5. Oversimplification tendency

In seeking to understand complex matters humans tend to want clear and simple explanations. Unfortunately, some matters are inherently complex or uncertain and do not lend themselves to simple explanations. In fact, some matters are so uncertain that it is not possible to see the future with any clarity. In our view, many investment mistakes are made when people oversimplify uncertain or complex matters.

Albert Einstein said: “Make things as simple as possible, but no more simple.”

A key to successful investing is to stay within your ‘circle of competence’. A key part of our ‘circle of competence’ is to concentrate our investments in areas that exhibit a high degree of predictability and to be wary of areas that are highly complex and/or highly uncertain. We believe that forecasting the volume growth for Colgate-Palmolive, Coca-Cola or Procter & Gamble is relatively foreseeable over the next 10 years and is well within our circle of competence. Investing in financials is far more complex and we are disciplined to try to ensure we do not overly simplify the inherent complexity of a major financial institution. If we cannot understand the complexity of a financial institution, we simply will not invest, no matter how compelling the ‘simplified’ investment case may appear. Notwithstanding that our investment team has over 50 years of combined experience in analysing financial institutions, there are many institutions that we believe are simply too difficult to assess.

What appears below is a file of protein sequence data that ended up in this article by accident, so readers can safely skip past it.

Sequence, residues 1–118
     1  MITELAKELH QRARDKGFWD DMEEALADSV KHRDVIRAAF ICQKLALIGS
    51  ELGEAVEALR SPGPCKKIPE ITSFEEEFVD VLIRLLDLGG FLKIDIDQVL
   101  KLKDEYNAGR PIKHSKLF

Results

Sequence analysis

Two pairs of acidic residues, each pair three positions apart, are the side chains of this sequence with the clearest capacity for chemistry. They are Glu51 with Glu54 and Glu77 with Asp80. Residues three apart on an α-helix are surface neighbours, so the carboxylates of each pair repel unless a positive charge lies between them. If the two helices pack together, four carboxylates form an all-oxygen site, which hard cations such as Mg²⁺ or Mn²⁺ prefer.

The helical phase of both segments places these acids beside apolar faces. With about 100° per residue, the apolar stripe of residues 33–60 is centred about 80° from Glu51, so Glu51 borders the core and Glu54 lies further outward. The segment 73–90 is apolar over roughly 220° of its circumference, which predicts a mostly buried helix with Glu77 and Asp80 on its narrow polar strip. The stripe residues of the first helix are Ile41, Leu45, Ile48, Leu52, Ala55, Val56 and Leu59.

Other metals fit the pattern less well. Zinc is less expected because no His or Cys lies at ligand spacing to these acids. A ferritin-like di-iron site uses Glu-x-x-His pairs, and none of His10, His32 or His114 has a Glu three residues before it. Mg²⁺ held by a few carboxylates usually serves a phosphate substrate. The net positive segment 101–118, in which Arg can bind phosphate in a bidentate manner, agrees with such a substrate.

In our view, the majority of the investment mistakes we have made can in large part be attributed to our cognitive biases, where we have fallen susceptible to confirmation bias, have oversimplified a complex problem or strayed outside our circle of competence. Unfortunately, these cognitive biases are ‘hard wired’ and we will make mistakes in the future. Our aim is to have systems and processes in place that minimise the number of mistakes we will inevitably make due to our cognitive biases.

Part 2

The remaining five cognitive biases of hindsight, the bandwagon effect, restraint, neglect of probability, and anchoring are covered in the second article.